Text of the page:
Criteria that Influence the “Training Method” One Selects S20

Training Outcomes – Will the training method selected effectively lead the learner toward accomplishing the training outcome(s)?

  • Let’s consider the training method of ‘drawing’:
    • Drawing a diagram of a teacher’s room arrangement during a workshop on “Designing an Engaging Learning Environment” is appropriate.
    • Drawing a representation of a teacher’s one-on-one interactions with children during a small group time for a workshop on “Adult-Child Interactions” is inappropriate. It is too difficult. A brief narrative would be a better option in this situation.
  • Let’s consider the training method of ‘debate’:
    • Debating the topic of ‘keeping all art area materials accessible for children’ is appropriate and is not a “hot/volatile” topic.
    • Debating the topic of ‘using timeout with toddlers’ is inappropriate as this topic is too personal, too volatile and thus, counter-productive.

The Learners – Will your training method work with your group size and the experience level of your participants?

  • Brainstorming (p. 22) is effective with large groups because so many ideas are generated in a very short period.
  • Fishbowl (p. 23) is appropriate for groups (15+) as it requires an inner discussion group and an outer observation/response group.
  • Jigsaws (p. 24) are effective for small groups, as leading a discussion within that same small group is less intimidating and can boost one’s confidence.
  • Debating a topic (p.23) with Level 1 early childhood teachers may be more difficult due to their lack of overall experiences in the classroom setting.

Practical Requirements – Is the ‘training method’ feasible given the following?

  • Training Room environment:
    • Size of the room vs. space needed
    • Usable wall space
    • Break-out space available
  • Time involved:
    • Time involved to prepare materials for activity
    • Once the materials are made, are they re-usable?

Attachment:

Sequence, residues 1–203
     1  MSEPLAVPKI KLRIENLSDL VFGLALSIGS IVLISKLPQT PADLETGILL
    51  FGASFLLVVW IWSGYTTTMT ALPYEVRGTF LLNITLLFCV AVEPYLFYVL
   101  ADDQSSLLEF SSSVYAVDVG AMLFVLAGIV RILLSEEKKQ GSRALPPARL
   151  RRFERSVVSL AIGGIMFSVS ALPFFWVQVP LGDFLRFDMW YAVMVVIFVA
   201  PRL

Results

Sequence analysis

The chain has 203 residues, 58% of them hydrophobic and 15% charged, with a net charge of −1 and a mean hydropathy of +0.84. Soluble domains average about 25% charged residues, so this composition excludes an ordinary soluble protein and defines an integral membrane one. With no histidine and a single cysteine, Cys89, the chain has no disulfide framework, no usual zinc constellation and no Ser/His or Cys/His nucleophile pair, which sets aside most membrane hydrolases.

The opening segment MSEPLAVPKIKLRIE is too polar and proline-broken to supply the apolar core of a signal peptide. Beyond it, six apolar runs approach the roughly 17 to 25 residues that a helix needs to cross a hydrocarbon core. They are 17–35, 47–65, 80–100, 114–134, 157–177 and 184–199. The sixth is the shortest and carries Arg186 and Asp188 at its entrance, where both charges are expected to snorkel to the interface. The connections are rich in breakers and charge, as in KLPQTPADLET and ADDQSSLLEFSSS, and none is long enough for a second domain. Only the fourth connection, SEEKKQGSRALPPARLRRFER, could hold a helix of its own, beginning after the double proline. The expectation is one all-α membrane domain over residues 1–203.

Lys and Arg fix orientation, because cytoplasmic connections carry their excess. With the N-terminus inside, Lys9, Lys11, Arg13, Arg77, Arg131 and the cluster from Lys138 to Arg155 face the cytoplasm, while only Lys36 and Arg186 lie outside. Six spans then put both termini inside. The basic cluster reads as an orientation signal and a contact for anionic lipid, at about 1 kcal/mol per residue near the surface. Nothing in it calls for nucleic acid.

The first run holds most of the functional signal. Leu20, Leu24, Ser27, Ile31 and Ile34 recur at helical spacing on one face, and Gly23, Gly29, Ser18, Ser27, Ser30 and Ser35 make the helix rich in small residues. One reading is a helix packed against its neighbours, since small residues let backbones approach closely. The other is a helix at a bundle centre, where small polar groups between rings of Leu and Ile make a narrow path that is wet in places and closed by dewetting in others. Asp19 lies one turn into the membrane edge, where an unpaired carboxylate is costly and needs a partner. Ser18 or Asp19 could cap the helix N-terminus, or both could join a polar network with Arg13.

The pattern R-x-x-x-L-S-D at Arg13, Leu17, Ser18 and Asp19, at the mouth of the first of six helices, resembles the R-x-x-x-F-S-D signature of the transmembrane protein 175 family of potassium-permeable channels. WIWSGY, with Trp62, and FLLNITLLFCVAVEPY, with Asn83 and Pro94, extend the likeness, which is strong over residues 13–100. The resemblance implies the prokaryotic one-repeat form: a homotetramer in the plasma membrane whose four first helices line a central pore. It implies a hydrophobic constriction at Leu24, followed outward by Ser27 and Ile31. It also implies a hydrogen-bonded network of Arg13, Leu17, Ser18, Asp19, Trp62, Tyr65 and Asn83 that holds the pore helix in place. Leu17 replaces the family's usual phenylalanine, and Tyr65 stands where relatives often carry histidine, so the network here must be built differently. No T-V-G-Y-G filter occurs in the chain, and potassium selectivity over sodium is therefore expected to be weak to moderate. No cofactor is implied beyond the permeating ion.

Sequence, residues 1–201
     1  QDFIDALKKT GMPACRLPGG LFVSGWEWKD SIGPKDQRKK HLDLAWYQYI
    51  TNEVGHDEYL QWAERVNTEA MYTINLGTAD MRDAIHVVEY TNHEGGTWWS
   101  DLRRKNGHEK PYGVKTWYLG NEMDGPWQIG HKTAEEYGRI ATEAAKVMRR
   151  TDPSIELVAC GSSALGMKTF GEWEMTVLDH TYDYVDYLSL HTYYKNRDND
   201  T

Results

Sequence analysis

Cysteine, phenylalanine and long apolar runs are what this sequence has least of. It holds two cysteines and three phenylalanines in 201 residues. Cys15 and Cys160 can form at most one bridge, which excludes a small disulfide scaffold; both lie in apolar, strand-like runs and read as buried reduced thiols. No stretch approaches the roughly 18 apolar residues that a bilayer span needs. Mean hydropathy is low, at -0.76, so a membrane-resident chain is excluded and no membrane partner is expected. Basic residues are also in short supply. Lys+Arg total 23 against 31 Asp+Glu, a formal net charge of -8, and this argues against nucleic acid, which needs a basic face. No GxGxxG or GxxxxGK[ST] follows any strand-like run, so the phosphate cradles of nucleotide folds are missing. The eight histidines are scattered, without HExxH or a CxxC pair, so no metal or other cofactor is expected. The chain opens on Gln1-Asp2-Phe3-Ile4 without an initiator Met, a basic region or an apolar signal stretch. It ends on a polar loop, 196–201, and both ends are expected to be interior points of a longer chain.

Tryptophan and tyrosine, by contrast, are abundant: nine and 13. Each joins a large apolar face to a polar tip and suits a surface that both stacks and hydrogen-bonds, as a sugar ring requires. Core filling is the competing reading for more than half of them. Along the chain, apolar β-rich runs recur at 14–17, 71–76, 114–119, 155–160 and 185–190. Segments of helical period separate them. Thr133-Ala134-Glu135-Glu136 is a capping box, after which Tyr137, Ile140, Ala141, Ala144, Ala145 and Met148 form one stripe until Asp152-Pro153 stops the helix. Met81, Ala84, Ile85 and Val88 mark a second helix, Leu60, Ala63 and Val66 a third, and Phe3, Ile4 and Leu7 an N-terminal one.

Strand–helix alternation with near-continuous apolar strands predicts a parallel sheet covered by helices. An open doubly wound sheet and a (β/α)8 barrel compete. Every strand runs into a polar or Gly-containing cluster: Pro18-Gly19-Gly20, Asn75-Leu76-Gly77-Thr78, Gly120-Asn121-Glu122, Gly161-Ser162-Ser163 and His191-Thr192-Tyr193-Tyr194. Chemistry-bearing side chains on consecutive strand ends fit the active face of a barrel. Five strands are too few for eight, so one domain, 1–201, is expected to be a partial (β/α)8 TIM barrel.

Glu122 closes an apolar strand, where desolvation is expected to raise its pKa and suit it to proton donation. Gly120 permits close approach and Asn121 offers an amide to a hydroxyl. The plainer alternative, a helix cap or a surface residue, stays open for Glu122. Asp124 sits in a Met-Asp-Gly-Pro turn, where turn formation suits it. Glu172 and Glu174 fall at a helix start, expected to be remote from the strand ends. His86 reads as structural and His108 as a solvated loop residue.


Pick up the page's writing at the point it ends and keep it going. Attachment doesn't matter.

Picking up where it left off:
• Duration of activity (# of people impact the timing of activity)
  • Materials needed:
    • Kind of materials
    • Materials easily transported
    • Amount of materials needed to accomplish task
  • Cost involved:
    • Budget limitations/practicalities
    • Practical: cuteness vs. concrete content connection = cost of not connecting activity to content
Game Training Method

Advantages/Cautions – Consider the advantages and cautions of each training method you choose to implement.

  • No matter how clever or unique a ‘training method’ is or how well you like it, if you can’t make a tight connection to your content using it you should consider another method.
  • The size and experience level of your group and the practical requirements of space, materials, time and cost must all be weighted in terms of the advantage or cautions to consider of using a given training method.
  • Trying out new ‘training methods’ is an advantage in terms of something new, interesting or novel for trainer and audience.
  • As the facilitator, if you have not fully worked through and prepared for a new/unfamiliar ‘training method’ that would clearly be a caution to consider. Do not be nervous to try out new methods though. Practice in advance with colleagues or friends to see how the activity will flow.
  • The trainer’s facilitation skill, experience and confidence are all advantages to the successful implementation of a training method.

[ms_panel title=”Exploring Training Methods” title_color=”#1a72bf” border_color=”#1a72bf ” title_background_color=”#f5f5f5″ border_radius=”0″ class=”” id=””]Please refer to the ?Handout FET: Training Design pages (22-26) to explore a wide variety of training method options. Highlight or star at least five that you would like to try in an upcoming training.[/ms_panel]

At the upcoming face-to-face day, the Training Coaches will model and debrief a variety of Training Methods. There are endless possibilities to try. You can decide for yourself which ones you prefer and plan to build into your training plans.